California Water Subsidies: Recommendations
December 15, 2004
- All CVP water districts should be required to maintain and disclose their records of water use at the individual farm level. This transparency should not be limited to the CVP: All other federal water projects should monitor and disclose who uses how much of this water. The public has a right to know.
- Contracts with CVP irrigation water users should be based on prices closer to market rate. The Bureau of Reclamation's "full cost" rate should be considered the absolute baseline.
- Price incentives should be based on measures of environmental responsibility. The current "tiered pricing" system calls for higher rates to be paid for water above 80 percent of the recipient's allotment. These higher rates are supposed to provide $50 million a year to a habitat restoration account. Since CVP water is over-allocated, most recipients don't get more than 80 percent of their allotment, so the account is underfunded. To correct this, tiered pricing should be applied to the water each recipient actually gets.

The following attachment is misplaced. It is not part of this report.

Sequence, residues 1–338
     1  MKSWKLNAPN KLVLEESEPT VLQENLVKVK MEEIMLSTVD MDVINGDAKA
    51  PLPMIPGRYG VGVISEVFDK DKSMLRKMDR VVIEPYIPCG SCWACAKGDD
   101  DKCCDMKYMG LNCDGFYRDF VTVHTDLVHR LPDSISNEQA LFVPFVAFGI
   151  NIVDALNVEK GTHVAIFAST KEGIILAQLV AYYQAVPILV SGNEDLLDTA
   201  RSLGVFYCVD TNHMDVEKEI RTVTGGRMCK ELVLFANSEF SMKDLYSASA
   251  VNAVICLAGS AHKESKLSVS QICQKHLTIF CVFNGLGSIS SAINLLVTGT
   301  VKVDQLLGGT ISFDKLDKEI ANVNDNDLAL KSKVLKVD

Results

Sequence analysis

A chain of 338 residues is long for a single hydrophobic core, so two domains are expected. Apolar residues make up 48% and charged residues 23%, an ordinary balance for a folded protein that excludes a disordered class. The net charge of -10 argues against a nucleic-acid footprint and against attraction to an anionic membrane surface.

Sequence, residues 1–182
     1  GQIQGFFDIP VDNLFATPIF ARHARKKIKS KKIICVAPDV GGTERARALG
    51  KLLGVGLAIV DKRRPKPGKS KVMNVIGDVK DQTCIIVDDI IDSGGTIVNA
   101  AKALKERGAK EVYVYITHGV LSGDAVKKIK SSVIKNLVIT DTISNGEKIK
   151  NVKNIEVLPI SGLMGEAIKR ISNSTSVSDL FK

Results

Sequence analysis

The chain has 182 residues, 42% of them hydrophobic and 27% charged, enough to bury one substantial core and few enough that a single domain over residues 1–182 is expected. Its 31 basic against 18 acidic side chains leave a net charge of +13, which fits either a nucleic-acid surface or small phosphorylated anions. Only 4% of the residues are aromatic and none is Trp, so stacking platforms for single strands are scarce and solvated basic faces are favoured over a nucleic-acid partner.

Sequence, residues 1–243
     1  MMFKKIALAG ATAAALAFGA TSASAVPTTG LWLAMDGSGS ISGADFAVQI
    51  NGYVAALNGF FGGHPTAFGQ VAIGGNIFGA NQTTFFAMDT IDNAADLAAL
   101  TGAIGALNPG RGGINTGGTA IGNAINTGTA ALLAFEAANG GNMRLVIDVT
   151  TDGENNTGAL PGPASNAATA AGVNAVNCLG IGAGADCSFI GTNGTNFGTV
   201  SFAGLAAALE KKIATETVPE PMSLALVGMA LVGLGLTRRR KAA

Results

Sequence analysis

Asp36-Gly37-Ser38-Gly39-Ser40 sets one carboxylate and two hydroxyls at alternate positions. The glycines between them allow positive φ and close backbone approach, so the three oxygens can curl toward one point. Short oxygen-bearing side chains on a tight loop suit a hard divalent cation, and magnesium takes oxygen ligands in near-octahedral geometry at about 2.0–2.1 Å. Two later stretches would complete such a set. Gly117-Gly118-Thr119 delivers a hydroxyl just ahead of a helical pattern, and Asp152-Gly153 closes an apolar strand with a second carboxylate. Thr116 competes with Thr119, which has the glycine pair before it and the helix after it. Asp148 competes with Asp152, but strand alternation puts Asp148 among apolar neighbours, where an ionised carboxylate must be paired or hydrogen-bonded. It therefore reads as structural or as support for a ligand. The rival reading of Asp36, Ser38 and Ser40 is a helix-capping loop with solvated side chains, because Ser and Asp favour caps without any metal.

- Farmers should not be allowed to resell the public its own water at a higher price. If farmers get more water than they need, it should be returned to the Environmental Water Account at the same price the farmer paid. In return for water saved and returned to the EWA, farmers should receive a reasonable discount on the water they buy the following year.
- Farmers should be required to comply with all state and federal water quality regulations, just as other California industries are.
- Contracts should not include provisions for essentially automatic renewal after 25 years. Such long-term provisions do not give the state sufficient flexibility to address changing water needs.